Diamond Guide

In finding the right diamond is to decide on the basic 4 Cs :

Diamond Cut

Diamond Cut
  • Diameter
    The width of the diamond as measured through the girdle.
  • Table
    This is the large, at top facet of a diamond. Crown The upper portion of a cut gemstone, above the girdle.
  • Girdle
    The narrow rim of a diamond that separates the crown from the pavilion. It is the largest diameter to any part of the stone.
  • Pavilion
    The lower portion of the diamond, below the girdle. It is sometimes referred to as the base.
  • Culet
    The tiny facet on the pointed bottom of the pavilion, which is the portion of a cut gem below the girdle.
  • Depth
    The height of a gemstone, from the culet to the table.
1. Cut

Diamond cut is perhaps the most important of the four Cs, so it is important to understand how this quality affects the properties and values of a diamond. A good cut gives a diamond its brilliance, which is that brightness that seems to come from the very heart of a diamond. The angles and nish of any diamond are what determine its ability to handle light, which leads to brilliance.

The techniques for cutting diamonds have been developed over hundreds of years, with perhaps the greatest achievements made in 1919 by mathematician and gem enthusiast Marcel Tolkowsky.

Tolkowsky defined the ideal dimensions as:

  • Table percentage (table diameter divided by overall diameter) = 53%
  • Dept percentage (overall depth divided by the overall diameter) = 59.3%
  • Pavilion Angle (angle between the girdle and the pavilion) = 40.75%
  • Crown Angle (angle between the girdle and the crown) = 34.5%
  • Pavilion Depth (depth of pavilion divided by overall diameter) = 43.1%
  • Crown Depth (depth of crown divided by crown diameter) = 16.2%

The culet is the tiny point or facet at the bottom of the diamond. This should be a negligible diameter, otherwise light leaks out of the bottom. Tolkowsky's ideal dimensions did not include a culet. However, a thin culet is required in reality in order to prevent the diamond from easily chipping in the setting. A normal culet should be about 1% - 2% of the overall diameter.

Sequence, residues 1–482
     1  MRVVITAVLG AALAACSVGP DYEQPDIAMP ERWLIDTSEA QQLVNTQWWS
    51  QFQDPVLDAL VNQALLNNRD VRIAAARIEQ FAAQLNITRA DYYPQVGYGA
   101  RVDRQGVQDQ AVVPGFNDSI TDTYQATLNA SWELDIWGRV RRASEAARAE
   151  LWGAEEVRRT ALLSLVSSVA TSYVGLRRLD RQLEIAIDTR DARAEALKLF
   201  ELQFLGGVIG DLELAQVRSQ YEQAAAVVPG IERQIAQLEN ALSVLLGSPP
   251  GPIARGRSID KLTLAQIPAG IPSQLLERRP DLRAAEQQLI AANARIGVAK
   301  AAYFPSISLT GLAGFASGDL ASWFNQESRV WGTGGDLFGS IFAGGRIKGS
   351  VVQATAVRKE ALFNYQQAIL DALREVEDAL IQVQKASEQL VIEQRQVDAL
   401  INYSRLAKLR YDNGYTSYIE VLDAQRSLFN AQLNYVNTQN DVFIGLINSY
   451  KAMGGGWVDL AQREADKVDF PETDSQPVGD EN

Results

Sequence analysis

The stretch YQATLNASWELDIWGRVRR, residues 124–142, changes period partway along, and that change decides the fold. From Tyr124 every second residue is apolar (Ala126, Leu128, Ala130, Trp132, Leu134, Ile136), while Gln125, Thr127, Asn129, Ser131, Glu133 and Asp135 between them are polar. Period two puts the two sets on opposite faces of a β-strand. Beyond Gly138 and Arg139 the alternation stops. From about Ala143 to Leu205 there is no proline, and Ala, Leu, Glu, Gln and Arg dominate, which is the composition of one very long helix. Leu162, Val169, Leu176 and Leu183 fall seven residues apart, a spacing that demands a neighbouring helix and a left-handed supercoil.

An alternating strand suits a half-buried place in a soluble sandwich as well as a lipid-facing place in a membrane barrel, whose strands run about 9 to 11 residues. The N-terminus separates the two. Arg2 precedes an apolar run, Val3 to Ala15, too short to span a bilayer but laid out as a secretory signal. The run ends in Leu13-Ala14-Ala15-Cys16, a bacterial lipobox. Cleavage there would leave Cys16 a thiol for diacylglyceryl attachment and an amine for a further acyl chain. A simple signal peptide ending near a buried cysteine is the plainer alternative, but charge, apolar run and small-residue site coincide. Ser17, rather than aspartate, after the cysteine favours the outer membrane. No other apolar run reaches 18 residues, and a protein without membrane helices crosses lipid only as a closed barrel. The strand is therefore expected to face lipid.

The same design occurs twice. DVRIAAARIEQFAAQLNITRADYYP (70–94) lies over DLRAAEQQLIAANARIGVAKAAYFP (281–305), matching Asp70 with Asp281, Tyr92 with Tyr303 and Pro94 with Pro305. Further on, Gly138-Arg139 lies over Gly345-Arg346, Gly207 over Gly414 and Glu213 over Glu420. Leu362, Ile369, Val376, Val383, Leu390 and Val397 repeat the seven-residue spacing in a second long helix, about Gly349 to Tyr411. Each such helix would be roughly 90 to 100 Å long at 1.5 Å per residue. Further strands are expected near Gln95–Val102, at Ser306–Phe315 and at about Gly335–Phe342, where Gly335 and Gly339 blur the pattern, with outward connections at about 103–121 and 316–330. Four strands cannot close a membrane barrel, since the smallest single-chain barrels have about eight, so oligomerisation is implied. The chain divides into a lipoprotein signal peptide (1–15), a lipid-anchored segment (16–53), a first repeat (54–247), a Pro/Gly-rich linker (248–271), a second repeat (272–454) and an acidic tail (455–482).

Diamond Color

Diamond Color

Diamonds graded D through F are naturally the most valuable and desirable because of their rarity. Such diamonds are a treat for the eyes of anyone. But you can still obtain very attractive diamonds that are graded slightly less than colorless. And diamonds graded G through virtually no color that is visible to the untrained eye.

2. Color

The nest quality as per color grading is totally colorless, which is graded as "D" color diamond across the globe, meaning it is absolutely free from any color. The next grade has a very slight trace of color, which can be observed by any expert diamond valuer/grading laboratory. However when studded in jewellery these very light colored diamonds do not show any color or it is not possible to make out color shades. These are graded as E color or F color diamonds.

Most diamonds used as gemstones are basically transparent with little tint, or white diamonds. The most common impurity, nitrogen, replaces a small proportion of carbon atoms in a diamond's structure and causes a yellowish to brownish tint. This effect is present in almost all white diamonds; in only the rarest diamonds is the coloration from this effect undetectable. The GIA has universally recognized, superseding several older systems. The GIA system uses a benchmark set of natural diamonds of known color grade, along with standardized and carefully controlled lighting conditions. Diamonds with higher color grades are rarer, in higher demand, and therefore more expensive, than lower color grades. Oddly enough, diamonds graded Z are also rare, and the bright yellow color is also highly valued. Diamonds graded D-F are considered "colorless", G-J are considered "near-colorless", K-M are "slightly colored". N-Y usually appear light yellow or brown.

Diamonds graded D through F are naturally the most valuable and desirable because of their rarity. Such diamonds are a treat for the eyes of anyone. But you can still obtain very attractive diamonds that are graded slightly less than colorless. And diamonds graded G through virtually no color that is visible to the untrained eye.